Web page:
Tag Archives: pain

Peter Mere Latham

To any one who should insist upon its being stated in terms what Pain is, it would, I hold, be a sufficient answer to say, that he knew himself perfectly well what it was already, and that he could not know it the better for any words in which it could be defined. Things which all men know infallibly by their own perceptive experience, cannot be made plainer by words. Therefore, let Pain be spoken of simply as Pain.

Peter Mere Latham, ‘General Remarks on the Practice of Medicine’, The British Medical Journal, vol. 1, no. 78 (June 28, 1862), p. 677

Thomas Schelling

Schizophrenia, hypnosis, amnesia, narcosis, and anesthesia suggest that anything as complicated as the human brain, especially if designed with redundancy for good measure and most assuredly if not designed at all but arising out of a continuous process that began before we were reptiles, should be capable of representing more than one “person.” In fact, it must occasionally wire in a bit of memory that doesn’t belong or signal for a change in the body’s hormonal chemistry that makes us, at least momentarily, “somebody else.” I am reminded of the tantalizing distinction that someone made when my wife had our first child after two hours on sodium pentathol: It doesn’t make it hurt less, it just keeps you from remembering afterward. Strange that the prospect of pain can’t scare me once I’ve seen that, when I become conscious, I won’t remember!

Thomas Schelling, ‘The Intimate Contest for Self-command’, The Public Interest, vol. 60 (Summer, 1980), pp. 97-98

David Hume

The first circumstance which introduces evil, is that contrivance or economy of the animal creation, by which pains, as well as pleasures, are employed to excite all creatures to action, and make them vigilant in the great work of self-preservation. Now pleasure alone, in its various degrees, seems to human understanding sufficient for this purpose. All animals might be constantly in a state of enjoyment: but when urged by any of the necessities of nature, such as thirst, hunger, weariness; instead of pain, they might feel a diminution of pleasure, by which they might be prompted to seek that object which is necessary to their subsistence. Men pursue pleasure as eagerly as they avoid pain; at least they might have been so constituted. It seems, therefore, plainly possible to carry on the business of life without any pain. Why then is any animal ever rendered susceptible of such a sensation? If animals can be free from it an hour, they might enjoy a perpetual exemption from it; and it required as particular a contrivance of their organs to produce that feeling, as to endow them with sight, hearing, or any of the senses. Shall we conjecture, that such a contrivance was necessary, without any appearance of reason? and shall we build on that conjecture as on the most certain truth?

David Hume, Dialogues Concerning Natural Religion, 1779, part 11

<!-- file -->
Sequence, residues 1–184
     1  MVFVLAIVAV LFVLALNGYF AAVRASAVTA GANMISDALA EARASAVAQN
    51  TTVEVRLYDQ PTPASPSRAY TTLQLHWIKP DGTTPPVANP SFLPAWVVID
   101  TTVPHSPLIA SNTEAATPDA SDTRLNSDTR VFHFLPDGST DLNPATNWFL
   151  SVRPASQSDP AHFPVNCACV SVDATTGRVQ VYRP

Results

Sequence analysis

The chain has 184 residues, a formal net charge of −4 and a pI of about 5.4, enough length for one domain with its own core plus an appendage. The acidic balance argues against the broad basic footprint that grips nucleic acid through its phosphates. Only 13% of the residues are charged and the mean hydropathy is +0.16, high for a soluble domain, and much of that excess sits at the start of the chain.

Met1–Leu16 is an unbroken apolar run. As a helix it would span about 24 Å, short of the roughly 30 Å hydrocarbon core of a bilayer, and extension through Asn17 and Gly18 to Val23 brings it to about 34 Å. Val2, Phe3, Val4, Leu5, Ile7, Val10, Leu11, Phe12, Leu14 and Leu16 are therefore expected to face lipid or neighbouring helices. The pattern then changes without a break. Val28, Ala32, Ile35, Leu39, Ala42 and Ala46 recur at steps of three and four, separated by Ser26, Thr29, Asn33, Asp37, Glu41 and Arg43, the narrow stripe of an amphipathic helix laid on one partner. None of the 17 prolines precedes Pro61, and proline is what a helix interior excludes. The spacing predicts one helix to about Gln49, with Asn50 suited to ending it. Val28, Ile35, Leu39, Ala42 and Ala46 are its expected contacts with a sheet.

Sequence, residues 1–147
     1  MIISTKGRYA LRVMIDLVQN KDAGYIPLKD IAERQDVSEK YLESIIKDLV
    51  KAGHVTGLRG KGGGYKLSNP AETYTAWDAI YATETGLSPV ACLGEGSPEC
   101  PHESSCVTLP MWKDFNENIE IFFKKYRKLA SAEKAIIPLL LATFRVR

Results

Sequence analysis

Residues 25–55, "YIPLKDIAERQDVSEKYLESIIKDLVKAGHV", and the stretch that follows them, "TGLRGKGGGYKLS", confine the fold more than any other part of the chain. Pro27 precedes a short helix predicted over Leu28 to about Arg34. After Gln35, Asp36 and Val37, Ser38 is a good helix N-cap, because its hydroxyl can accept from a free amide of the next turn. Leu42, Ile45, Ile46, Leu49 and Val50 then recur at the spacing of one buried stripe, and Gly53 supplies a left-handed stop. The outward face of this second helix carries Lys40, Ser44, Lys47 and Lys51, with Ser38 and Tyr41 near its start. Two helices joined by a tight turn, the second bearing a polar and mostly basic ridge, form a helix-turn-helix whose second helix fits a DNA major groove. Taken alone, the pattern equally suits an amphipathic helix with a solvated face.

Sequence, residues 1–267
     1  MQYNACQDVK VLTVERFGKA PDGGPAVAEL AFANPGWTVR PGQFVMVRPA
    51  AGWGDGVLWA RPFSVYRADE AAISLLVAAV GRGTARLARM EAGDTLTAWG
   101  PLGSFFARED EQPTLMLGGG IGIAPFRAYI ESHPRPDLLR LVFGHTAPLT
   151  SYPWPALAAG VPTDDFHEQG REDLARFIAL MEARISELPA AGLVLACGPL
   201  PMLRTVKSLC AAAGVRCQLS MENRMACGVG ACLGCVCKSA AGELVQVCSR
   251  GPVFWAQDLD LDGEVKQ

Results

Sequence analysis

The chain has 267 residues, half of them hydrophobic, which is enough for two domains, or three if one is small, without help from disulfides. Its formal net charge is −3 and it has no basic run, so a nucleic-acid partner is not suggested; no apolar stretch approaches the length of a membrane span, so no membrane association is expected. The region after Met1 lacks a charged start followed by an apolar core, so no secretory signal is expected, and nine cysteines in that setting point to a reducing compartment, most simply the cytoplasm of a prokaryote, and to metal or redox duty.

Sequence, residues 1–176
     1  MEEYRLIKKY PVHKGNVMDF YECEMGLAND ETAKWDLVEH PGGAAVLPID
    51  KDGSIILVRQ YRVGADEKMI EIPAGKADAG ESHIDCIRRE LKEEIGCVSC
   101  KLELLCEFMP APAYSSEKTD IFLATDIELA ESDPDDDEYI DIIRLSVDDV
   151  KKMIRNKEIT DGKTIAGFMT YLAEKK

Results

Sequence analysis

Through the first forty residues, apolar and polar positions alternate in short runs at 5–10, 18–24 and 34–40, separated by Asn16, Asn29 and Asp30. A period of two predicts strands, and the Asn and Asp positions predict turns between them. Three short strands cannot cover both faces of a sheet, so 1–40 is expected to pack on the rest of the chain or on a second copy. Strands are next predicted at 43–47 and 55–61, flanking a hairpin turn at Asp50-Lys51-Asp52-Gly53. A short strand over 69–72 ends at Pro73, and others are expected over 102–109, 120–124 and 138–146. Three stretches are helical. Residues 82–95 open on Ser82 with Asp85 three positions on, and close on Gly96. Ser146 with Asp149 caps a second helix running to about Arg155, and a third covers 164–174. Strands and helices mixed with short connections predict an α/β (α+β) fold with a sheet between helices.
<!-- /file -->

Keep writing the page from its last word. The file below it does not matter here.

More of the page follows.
Shelly Kagan

[P]retty much everyone believes at least this much: the presence of pleasure and the absence of pain is at least one component of well-being. (It is quite hard to deny this. The value of pleasure and the disvalue of pain seem virtually self-evident to anyone experiencing them.)

Shelly Kagan, Normative Ethics, Boulder, 1998, p. 30

Shelly Kagan

[E]ven though there may be components of well-being that go beyond one’s experiences—and thus can plausibly be thought to come in imperceptible amounts—it seems undeniable that one important component of well-being is indeed the presence of pleasure and the absence of pain.

Shelly Kagan, ‘Do I Make a Difference?’, Philosophy & Public Affairs, Vol. 39, No. 2 (2011), p. 115

John McTaggart

Pain is an evil–all our morality implies that. Even if we have a right to forgive the universe our own pain–and I doubt if we have the right to do even this–we have certainly no right to forgive it the pain of others. We must either believe the pain inflicted for some good purpose, or condemn the universe in which it occurs.

John McTaggart, ‘The Necessity of Dogma’, International Journal of Ethics, vol. 5, no. 2 (January, 1895), p. 156

Alastair Norcross

I have experienced pains no more severe than a broken wrist, torn ankle ligaments, or an abscess in a tooth. These were pretty bad, but I have no doubt that a skilled torturer could make me experience pains many times as bad.

Alastair Norcross, ‘Comparing Harms: Headaches and Human Lives’, Philosophy & Public Affairs (Spring, 1997), vol. 26, no. 2, p. 146

Chelsea Handler

Have you ever experienced a pain so sharp in your heart that it’s all you can do to take a breath? It’s a pain you wouldn’t wish on your worst enemy; you wouldn’t want to pass it on to anyone else for fear he or she might not be able to bear it. It’s the pain of being betrayed by the person with whom you’ve fallen in love. It’s not as serious as death, but it feels a whole like it, and as I’ve come to learn, pain is pain any way you slice it.